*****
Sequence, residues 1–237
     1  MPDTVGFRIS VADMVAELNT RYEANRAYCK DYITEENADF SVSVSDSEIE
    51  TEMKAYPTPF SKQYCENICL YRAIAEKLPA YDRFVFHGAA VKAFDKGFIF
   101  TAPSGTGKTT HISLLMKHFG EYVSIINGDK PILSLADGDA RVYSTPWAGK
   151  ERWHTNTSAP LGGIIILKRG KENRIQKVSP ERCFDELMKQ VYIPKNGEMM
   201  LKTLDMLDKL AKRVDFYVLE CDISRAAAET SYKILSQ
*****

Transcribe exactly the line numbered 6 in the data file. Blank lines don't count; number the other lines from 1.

   201  LKTLDMLDKL AKRVDFYVLE CDISRAAAET SYKILSQ